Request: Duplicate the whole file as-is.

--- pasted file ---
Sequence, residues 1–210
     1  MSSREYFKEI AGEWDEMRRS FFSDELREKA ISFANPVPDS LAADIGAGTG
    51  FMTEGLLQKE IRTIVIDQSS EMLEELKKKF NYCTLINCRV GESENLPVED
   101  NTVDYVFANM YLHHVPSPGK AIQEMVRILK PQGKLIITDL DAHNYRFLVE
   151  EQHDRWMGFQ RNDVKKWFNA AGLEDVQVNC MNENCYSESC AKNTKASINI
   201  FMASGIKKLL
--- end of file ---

Sequence, residues 1–210
     1  MSSREYFKEI AGEWDEMRRS FFSDELREKA ISFANPVPDS LAADIGAGTG
    51  FMTEGLLQKE IRTIVIDQSS EMLEELKKKF NYCTLINCRV GESENLPVED
   101  NTVDYVFANM YLHHVPSPGK AIQEMVRILK PQGKLIITDL DAHNYRFLVE
   151  EQHDRWMGFQ RNDVKKWFNA AGLEDVQVNC MNENCYSESC AKNTKASINI
   201  FMASGIKKLL